“There was this one time,” the tale begins, and that draws the learners into the world of story. Shakespeare took it even farther, writing, “the play’s the thing, wherein I’ll catch the conscience of the King.” Getting people into the “play” and engaging them with story is incredibly effective as a way to learn. Remember to budget time for learning—and specifically for this kind of story-based skill practice—as you prepare for the coming year.
For many organizations, it is budget season. Planning for the next year’s activities and investments is an important thought exercise. In some organizations, there is even a sort of ritual to it. There is something I would like you to consider in your planning. What it is will be a little bit different, depending on whether you are a business leader or a learning professional.
Advice for Business Leaders
Make time in the schedules of your departments and teams for learning. Depending on the area, somewhere between 2-5% of employee time can be effectively spent on job-relevant learning. (Caution: For specialties and areas experiencing rapid change, this benchmark may greatly underestimate the time needed!) This can be adapting to new technology, tools, or procedures. It can be new product or customer knowledge. It can be retooling skills and processes. Or, it could be developing people to take on new responsibilities as they grow in their careers. Make sure that your teams can keep up with the pace of the business, and budget for it.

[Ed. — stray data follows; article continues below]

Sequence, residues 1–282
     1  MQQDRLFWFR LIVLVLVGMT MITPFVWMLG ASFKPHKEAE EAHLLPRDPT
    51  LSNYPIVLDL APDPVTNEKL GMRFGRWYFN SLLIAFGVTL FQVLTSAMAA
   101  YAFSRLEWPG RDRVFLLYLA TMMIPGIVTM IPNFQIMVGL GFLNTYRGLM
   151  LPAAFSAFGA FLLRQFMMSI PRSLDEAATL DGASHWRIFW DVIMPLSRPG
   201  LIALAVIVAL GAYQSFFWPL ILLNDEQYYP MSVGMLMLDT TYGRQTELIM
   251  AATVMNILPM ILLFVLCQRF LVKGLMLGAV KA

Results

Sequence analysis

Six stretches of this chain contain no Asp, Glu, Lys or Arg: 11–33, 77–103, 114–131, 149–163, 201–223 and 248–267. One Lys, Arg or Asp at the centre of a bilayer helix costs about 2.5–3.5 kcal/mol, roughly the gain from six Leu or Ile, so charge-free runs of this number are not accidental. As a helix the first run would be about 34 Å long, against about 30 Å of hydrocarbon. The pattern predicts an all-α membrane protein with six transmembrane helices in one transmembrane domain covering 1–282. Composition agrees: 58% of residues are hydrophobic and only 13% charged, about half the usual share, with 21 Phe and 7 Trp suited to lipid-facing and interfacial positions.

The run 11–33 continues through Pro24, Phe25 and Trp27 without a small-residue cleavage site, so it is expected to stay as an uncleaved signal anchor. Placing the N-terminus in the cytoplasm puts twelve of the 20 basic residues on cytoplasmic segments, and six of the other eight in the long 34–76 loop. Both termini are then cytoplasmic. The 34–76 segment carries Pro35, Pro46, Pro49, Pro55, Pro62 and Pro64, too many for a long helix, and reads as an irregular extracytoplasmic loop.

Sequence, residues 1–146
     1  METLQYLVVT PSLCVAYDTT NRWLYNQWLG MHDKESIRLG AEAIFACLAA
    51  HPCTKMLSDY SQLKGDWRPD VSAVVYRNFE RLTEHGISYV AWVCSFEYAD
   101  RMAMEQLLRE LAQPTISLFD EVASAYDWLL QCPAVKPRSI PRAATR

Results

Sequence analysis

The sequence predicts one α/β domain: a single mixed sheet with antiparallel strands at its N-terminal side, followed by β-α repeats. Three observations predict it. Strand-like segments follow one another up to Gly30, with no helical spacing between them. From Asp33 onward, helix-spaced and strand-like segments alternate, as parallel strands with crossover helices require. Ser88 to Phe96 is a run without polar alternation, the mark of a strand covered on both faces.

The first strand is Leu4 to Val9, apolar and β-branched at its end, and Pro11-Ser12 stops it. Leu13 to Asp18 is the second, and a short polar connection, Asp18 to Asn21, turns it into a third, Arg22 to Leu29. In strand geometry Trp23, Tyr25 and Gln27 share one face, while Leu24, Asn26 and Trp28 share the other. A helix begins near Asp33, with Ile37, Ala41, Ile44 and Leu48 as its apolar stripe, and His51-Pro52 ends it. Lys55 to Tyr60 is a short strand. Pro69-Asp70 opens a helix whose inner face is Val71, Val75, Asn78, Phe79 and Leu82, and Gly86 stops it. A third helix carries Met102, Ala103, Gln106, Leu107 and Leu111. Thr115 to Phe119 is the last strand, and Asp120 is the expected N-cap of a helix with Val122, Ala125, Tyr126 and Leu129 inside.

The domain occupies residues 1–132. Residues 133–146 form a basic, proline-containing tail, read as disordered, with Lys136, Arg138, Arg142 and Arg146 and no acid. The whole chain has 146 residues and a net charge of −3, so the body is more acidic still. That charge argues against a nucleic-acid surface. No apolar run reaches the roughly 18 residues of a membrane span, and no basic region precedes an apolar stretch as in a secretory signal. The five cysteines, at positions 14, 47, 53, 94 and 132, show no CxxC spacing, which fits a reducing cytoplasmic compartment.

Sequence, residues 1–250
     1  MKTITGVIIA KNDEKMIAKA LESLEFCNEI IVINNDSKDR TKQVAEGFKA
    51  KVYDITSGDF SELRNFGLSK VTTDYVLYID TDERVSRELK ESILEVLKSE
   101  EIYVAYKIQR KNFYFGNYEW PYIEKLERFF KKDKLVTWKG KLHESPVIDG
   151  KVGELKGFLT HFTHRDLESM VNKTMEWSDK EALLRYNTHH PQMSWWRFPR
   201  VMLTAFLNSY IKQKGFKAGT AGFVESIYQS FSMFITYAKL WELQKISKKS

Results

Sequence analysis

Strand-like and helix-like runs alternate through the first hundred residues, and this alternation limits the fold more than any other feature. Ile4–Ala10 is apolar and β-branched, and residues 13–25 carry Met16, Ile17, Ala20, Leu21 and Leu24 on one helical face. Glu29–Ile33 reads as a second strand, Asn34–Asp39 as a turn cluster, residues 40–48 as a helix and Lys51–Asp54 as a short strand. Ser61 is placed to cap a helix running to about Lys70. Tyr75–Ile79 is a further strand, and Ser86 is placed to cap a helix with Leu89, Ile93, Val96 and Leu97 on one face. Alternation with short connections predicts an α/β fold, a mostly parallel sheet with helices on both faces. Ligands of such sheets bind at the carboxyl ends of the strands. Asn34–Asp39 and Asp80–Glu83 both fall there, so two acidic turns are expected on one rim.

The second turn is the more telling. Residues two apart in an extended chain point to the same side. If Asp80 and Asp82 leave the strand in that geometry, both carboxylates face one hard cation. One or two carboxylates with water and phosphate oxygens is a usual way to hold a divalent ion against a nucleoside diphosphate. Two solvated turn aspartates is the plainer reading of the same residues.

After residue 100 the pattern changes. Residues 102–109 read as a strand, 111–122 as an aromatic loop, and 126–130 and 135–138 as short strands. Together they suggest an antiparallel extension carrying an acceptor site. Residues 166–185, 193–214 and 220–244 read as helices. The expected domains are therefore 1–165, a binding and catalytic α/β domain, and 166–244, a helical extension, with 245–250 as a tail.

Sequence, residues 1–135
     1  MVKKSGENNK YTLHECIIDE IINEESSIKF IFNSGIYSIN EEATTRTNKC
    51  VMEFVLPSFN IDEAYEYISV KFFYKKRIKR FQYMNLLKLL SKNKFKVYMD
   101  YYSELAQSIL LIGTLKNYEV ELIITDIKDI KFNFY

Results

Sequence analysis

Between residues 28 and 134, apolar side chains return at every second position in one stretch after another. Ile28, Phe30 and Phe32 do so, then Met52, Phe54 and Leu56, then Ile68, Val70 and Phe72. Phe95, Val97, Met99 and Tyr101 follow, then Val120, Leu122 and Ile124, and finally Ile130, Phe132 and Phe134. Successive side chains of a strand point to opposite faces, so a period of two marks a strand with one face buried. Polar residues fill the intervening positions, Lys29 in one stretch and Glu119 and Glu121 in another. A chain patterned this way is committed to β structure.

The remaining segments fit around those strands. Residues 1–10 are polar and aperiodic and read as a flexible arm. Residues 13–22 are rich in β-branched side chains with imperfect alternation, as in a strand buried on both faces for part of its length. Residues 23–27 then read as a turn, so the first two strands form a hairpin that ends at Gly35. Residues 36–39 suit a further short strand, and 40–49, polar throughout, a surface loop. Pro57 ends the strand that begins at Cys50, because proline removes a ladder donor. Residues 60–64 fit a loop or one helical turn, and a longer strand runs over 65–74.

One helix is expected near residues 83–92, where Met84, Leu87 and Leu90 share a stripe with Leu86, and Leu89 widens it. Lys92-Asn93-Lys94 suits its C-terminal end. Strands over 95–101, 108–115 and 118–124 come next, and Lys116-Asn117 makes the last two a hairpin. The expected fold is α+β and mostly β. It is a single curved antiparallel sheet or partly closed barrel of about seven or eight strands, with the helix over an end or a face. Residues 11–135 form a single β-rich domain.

Advice for Learning Professionals
Budget time and resources to create the kind of learning experiences that engage and develop people. Don’t short-change skill practice! Help people learn and use skills in practical, realistic situations so that they can transfer their learning to job tasks. Use story-based learning wherever possible—simulations, case studies, and skill practice scenarios. Most of us are prepared to put 100-200 hours of development effort into a major new program. I find that 80% of the simulation work I do for clients takes only 10-20 hours to create. It fits nicely within large or small project budgets. Make sure that as you look at the business needs for learning, you are putting people into business-relevant stories to help them learn and adapt.
Plan ahead! Save some time for learning, and get people into the play of the thing. It can catch far more than just the conscience of a king!